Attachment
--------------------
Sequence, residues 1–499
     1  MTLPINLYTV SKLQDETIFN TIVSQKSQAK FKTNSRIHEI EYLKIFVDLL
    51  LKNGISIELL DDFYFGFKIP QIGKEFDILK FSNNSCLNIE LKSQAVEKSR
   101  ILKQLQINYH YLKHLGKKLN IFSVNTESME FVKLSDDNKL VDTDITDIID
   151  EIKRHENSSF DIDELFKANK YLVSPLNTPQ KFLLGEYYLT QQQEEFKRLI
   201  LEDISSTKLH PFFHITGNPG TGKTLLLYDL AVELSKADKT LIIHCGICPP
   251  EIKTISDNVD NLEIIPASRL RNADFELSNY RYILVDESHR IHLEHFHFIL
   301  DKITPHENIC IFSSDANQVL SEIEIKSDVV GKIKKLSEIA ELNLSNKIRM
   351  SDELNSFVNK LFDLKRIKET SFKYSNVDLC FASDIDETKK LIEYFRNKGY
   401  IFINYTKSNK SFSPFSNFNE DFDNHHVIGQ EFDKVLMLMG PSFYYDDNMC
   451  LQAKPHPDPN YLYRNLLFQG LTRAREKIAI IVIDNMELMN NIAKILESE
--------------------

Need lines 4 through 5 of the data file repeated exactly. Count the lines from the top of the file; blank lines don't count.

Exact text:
   101  ILKQLQINYH YLKHLGKKLN IFSVNTESME FVKLSDDNKL VDTDITDIID
   151  EIKRHENSSF DIDELFKANK YLVSPLNTPQ KFLLGEYYLT QQQEEFKRLI